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What White People Donít See When They Watch Basketball
New York Magazine ^ | 3/20 | Jonathan Chait

Posted on 03/20/2014 11:41:56 AM PDT by nickcarraway

A couple of years ago, the basketball team I root for, the University of Michigan, had a player named Zack Novak. Everybody loved his story. He was slow and pudgy coming out of high school, recruited by nobody, and offered a spot at Michigan. Turned out he could play, at least some. He was only six foot three, but he played power forward, compensating for his lack of size and skill with unrelenting effort. He graduated from the business school and became team captain. If you watch college sports, you know the kind of player I’m talking about. Right: a white guy.

If you ever watched a Michigan game, you knew Novak’s story, because the announcers talked about it every time. And it was very easy to see: Watching him hang in there on the low block against opponents five or six inches taller every game was a constant miracle. He was a gritty, hustling, tough, smart overachiever. Racial stereotyping in sports coverage is a decades-old phenomenon. In Novak’s case, nobody minded because the stereotypes were completely true. But watching every single game Michigan plays has given me some perspective on how race continues to inflect coverage in sports-media.

The player for Michigan the announcers like to talk about now is a kid named Nik Stauskas. He's also white. He’s not especially gritty or tough. He’s an incredible scorer with good height, phenomenal shooting range, and an ability to unleash dunks or acrobatic layups. The thing the announcers mention every game — the fact that is incorporated into the shorthand notes they use to define a player's story line — is that Stauskas worked hard in the off-season to gain muscle.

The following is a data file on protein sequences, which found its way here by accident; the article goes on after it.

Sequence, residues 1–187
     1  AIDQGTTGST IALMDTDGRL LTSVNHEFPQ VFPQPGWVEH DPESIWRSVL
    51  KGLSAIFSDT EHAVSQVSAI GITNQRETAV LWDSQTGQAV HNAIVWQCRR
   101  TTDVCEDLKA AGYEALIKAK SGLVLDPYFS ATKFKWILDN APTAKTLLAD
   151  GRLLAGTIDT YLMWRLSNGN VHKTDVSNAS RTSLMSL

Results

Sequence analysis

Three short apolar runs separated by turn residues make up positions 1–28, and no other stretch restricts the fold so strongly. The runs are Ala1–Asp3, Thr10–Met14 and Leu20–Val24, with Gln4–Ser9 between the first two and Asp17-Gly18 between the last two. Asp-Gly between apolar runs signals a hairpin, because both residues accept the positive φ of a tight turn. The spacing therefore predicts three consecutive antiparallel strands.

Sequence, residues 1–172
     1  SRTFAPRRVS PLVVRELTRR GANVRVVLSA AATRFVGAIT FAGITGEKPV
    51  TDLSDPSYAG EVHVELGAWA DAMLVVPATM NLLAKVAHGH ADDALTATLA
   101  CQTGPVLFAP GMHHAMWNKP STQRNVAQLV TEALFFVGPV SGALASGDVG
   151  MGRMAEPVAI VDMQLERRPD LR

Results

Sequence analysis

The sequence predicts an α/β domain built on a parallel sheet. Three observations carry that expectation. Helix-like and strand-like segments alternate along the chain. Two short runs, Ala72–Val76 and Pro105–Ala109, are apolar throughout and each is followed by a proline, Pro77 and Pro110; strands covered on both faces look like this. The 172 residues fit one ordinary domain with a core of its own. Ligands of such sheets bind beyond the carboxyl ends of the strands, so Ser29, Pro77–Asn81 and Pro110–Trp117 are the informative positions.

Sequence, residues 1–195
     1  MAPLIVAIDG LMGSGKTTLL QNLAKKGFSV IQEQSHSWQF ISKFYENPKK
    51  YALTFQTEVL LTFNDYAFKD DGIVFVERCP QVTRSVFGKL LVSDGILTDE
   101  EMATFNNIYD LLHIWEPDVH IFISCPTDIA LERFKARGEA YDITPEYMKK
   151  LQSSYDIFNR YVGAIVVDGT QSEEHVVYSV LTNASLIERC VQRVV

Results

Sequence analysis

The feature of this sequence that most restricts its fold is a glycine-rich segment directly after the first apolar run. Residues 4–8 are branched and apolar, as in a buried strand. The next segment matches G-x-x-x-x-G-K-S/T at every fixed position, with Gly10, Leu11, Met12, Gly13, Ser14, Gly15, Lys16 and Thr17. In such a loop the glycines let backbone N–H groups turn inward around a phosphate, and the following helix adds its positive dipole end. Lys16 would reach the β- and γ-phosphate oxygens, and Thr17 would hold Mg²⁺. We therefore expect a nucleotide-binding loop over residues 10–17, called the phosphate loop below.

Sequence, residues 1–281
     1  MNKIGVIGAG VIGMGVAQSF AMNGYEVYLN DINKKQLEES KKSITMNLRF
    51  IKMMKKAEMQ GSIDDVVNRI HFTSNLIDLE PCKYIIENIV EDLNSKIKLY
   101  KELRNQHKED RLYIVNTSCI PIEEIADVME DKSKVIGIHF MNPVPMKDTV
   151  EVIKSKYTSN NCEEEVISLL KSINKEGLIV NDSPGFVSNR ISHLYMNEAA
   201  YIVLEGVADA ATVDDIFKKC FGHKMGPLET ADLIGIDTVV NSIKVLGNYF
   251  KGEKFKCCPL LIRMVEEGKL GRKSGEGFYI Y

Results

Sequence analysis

That’s true. Though it’s also true that Stauskas remains really skinnyand shows no special grit. Also, in contrast to the easy stereotypes of white players, I’ve noticed he makes a lot of mental errors with his passes and sometimes lacks effort on defense. Watch him on these two plays letting opposing players run right past him on the fast break for a layup:

He seems like a nice kid, and he’s still a great player. But mainly he’s just a remarkable talent playing in a great offensive system. Michigan fans have a running joke about announcers marveling that Stauskas is (they say this nearly every game) “not just a shooter” — unlike the stereotypical white player, he has the athletic ability to fly past defenders and soar into the air. The announcers are sufficiently aware of his ability to acknowledge that he is not just a shooter, but not aware enough to realize that the fact they need to mention this is a joke on their eyes.

The thing is, there is a player on the team this year who’s almost exactly like Zach Novak. His name is Jordan Morgan. In high school, he was pudgy, slow, and small. No major conference programs except Michigan offered him a scholarship. But he physically transformed himself and has become, like Novak, an amazing overachiever. As a six-foot-seven center, he’s almost as undersize for his position as Novak is. He won’t shoot unless he’s within a couple feet of the basket, and often not even then, because opposing players can often swat away his shot attempts. Instead he spends most of every offensive possession throwing his body around the court, setting screen after screen to open up shots for his teammates.

He uses leverage, smarts, and unrelenting effort to gain every inch of advantage fighting against opposing centers. Morgan is a fifth-year senior who already graduated with a degree in engineering, and is studying for a master’s degree in manufacturing engineering.